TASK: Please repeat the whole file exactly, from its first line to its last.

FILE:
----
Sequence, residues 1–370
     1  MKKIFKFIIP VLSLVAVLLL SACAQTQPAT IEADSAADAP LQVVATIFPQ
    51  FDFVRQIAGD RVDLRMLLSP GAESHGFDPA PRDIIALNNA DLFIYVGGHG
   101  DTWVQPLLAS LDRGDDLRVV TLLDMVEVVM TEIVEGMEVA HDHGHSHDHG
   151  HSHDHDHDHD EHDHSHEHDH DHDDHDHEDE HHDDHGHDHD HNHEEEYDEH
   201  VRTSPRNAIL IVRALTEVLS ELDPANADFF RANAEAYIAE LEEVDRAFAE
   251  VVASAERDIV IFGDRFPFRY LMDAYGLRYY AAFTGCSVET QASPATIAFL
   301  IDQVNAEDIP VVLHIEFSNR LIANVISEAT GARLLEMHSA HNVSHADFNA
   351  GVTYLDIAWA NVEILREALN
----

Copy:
Sequence, residues 1–370
     1  MKKIFKFIIP VLSLVAVLLL SACAQTQPAT IEADSAADAP LQVVATIFPQ
    51  FDFVRQIAGD RVDLRMLLSP GAESHGFDPA PRDIIALNNA DLFIYVGGHG
   101  DTWVQPLLAS LDRGDDLRVV TLLDMVEVVM TEIVEGMEVA HDHGHSHDHG
   151  HSHDHDHDHD EHDHSHEHDH DHDDHDHEDE HHDDHGHDHD HNHEEEYDEH
   201  VRTSPRNAIL IVRALTEVLS ELDPANADFF RANAEAYIAE LEEVDRAFAE
   251  VVASAERDIV IFGDRFPFRY LMDAYGLRYY AAFTGCSVET QASPATIAFL
   301  IDQVNAEDIP VVLHIEFSNR LIANVISEAT GARLLEMHSA HNVSHADFNA
   351  GVTYLDIAWA NVEILREALN